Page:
That doesn’t mean I want to do that right this second, or from scratch. I’m very happy at The 19th - and in many ways I am building this organization as a member of its Senior Leadership Team. (It’s a startup, so I think it’s also fair to say that everyone on the team is also building it.) But I don’t think I’d be so happy if I wasn’t learning so much about building a diverse organization, and about hitting that mission. The people I get to work with and the journalism and processes we produce are so good that I’m leveling up more and more the longer I stick around. And understanding that this is important to me helps me figure out what my more tactical goals need to be.

Those tactical goals are where that SMARTIE framework comes into play. Knowing what my underlying mission is, and what I want to have achieved in 5 or 10 years, what are my concrete next steps over the next six to twelve months?

The answer is a mix of the organization’s goals - I want to support it, remember? - and my own developmental tasks. I need to relearn how to center those values in my work, and communicate those values more clearly; I need to build more focused, structured reporting into my team’s policies and procedures; I need to hold us accountable to values as well as productivity. And I want, ambitiously, to lead the industry in doing all those things. There are more, of course, and there’s a lot of prioritization that needs to happen. But by reconsidering my personal mission and vision, and applying a different framework to the individual tactical goals I set out for myself and will be held accountable to, I’m much closer than I was.

 

Photo by Randy Tarampi on Unsplash

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'I wiped my eyes and wrote the facts'

“As a reporter, I felt tasked with the duty of accurately representing this funeral and the vile circumstances that led to it. As a Black reporter, I felt a duty to bear witness to his unjust death and the burden of grief that came with it.” This edition of The 19th’s weekly newsletter is breathtakingly written. Yet another reason I’m proud to work there.

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In ‘The Last of Us,’ a survivor of the AIDS crisis saw his partner's death honored

““As I’m watching it, I’m like, ‘Oh my god,’ [‘The Last of Us’ co-showrunner] Craig Mazin wrote this piece that just made me feel like someone saw me and Robert,” he said. “Somehow Mazin wrote this piece of art that reflected not just the life that Robert and I had, a falling in love in this dystopian time, but the lives of so many of my friends who also found loves that they loved and lost.””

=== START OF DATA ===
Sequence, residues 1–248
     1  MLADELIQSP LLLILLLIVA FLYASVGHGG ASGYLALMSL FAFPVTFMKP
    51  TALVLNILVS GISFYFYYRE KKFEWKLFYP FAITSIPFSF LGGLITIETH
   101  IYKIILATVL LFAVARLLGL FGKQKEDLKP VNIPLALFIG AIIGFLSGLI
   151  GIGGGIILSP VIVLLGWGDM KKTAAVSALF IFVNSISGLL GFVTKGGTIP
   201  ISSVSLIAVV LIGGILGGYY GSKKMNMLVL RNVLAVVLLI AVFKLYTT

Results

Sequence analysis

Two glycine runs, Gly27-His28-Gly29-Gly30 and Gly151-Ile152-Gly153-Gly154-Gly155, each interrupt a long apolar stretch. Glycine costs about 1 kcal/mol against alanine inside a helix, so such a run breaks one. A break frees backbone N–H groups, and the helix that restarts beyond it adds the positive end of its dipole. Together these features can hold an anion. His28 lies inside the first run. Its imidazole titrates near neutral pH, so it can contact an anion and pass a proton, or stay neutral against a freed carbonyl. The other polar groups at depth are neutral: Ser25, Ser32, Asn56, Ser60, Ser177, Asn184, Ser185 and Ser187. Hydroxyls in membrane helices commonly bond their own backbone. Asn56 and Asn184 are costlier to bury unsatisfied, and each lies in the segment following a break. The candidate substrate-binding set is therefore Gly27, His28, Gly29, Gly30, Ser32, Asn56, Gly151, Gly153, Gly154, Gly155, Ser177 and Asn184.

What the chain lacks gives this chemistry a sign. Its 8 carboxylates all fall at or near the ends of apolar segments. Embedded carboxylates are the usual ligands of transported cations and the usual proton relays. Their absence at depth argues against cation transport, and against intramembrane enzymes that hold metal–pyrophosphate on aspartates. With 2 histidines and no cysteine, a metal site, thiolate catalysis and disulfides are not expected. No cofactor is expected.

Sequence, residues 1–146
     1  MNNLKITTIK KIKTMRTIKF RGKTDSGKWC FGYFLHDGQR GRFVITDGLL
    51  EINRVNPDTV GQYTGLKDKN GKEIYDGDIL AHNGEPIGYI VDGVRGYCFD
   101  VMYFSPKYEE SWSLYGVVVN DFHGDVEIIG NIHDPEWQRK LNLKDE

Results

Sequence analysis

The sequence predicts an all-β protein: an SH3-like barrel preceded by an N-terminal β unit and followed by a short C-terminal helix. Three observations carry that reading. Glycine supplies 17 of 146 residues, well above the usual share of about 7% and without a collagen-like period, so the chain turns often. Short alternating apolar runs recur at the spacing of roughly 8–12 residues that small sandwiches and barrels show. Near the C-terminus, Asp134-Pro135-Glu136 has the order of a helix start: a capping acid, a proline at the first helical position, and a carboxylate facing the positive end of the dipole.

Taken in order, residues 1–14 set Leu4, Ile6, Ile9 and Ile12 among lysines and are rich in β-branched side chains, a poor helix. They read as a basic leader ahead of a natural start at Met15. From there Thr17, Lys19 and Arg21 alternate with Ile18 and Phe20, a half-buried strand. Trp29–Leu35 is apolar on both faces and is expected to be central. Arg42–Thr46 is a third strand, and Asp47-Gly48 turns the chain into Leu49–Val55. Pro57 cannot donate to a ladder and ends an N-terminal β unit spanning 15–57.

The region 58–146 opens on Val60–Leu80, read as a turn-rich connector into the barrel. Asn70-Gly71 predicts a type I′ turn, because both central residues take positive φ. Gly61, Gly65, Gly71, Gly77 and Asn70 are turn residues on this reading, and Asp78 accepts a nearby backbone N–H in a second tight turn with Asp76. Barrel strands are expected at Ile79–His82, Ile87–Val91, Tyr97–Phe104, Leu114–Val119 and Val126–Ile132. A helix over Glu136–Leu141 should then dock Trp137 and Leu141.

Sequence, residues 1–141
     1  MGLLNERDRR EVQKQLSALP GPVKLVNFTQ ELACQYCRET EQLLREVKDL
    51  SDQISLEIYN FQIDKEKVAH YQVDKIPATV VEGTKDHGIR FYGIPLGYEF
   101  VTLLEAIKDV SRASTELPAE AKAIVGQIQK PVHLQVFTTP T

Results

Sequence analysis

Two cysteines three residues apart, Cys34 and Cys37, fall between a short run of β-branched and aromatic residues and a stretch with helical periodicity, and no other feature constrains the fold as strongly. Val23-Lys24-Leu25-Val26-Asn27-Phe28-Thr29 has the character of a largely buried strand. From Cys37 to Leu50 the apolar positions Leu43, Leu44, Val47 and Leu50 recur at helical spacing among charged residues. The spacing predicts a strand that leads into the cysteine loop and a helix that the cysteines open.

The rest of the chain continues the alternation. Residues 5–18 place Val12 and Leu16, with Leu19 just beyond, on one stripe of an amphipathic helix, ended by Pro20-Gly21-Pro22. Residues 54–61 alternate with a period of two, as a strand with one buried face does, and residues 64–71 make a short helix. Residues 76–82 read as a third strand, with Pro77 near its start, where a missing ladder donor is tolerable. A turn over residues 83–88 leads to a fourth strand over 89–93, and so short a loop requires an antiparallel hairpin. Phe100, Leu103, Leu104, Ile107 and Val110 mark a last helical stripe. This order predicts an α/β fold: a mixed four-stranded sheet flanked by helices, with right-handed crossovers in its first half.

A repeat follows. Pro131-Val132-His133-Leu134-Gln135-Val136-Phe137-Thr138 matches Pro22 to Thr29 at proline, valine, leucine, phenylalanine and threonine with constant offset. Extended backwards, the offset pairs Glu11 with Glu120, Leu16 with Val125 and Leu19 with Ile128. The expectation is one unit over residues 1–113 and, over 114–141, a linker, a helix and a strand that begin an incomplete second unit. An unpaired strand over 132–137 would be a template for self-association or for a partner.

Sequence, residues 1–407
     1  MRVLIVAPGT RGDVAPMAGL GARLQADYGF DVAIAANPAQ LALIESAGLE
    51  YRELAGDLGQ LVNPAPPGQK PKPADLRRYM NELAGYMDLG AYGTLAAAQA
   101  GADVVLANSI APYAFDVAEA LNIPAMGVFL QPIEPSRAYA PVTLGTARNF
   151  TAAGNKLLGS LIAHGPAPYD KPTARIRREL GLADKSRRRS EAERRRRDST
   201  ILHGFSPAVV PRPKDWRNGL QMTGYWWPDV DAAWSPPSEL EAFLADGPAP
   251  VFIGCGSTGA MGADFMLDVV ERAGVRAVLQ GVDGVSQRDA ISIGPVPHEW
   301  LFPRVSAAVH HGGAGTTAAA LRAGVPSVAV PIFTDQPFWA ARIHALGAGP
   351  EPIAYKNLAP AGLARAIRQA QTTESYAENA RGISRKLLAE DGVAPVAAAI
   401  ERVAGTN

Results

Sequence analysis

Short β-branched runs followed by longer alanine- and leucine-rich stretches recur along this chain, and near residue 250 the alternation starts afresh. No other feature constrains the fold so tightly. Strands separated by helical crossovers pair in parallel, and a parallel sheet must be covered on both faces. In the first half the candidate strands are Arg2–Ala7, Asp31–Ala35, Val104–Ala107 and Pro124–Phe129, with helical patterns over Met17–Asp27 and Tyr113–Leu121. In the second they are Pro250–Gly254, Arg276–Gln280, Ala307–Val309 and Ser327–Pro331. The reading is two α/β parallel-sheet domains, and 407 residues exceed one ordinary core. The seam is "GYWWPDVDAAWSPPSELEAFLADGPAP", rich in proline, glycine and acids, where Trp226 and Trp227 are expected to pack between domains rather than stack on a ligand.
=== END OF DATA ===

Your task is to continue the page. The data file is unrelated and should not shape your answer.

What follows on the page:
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Squid skin inspires novel “liquid windows” for greater energy savings

“The idea of a building that can learn, that can adjust this dynamic array on its own to optimize for seasonal and daily changes in solar conditions, is very exciting for us.” No kidding!

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AI-Generated Voice Firm Clamps Down After 4chan Makes Celebrity Voices for Abuse

“In one example, a generated voice that sounds like actor Emma Watson reads a section of Mein Kampf. In another, a voice very similar to Ben Shapiro makes racist remarks about Alexandria Ocasio-Cortez. In a third, someone saying “trans rights are human rights” is strangled.”

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The ‘Enshittification’ of TikTok

“This is enshittification: Surpluses are first directed to users; then, once they're locked in, surpluses go to suppliers; then once they're locked in, the surplus is handed to shareholders and the platform becomes a useless pile of shit. From mobile app stores to Steam, from Facebook to Twitter, this is the enshittification lifecycle.”

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I’m Now a Full-Time Professional Open Source Maintainer

“Long term, I want this model to grow beyond me and become a known professional path. This experiment is both easier and harder for me than it will be for those after me: easier because I have an extensive personal network and the financial means to safely take risks; harder because it’s uncharted territory for both me and the clients and because there’s a lack of legal, administrative, and marketing tools. I hope that as things progress the barriers will lower, making the model accessible to more and more people.” Inspiring!

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The Celsius examiner's report: a picture of fraud and incompetence

“For some reason, Pillay stops short of outright stating that “Celsius was a Ponzi scheme”, but the facts speak for themselves.”

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Child care crisis is causing parents to leave their jobs or get fired, study shows

"Of the parents surveyed, 26 percent quit their jobs because of child care problems and 23 percent were fired. The number of parents who were fired or had their pay reduced is three times as high as it was just five years ago. The rate of parents quitting has doubled since 2018.“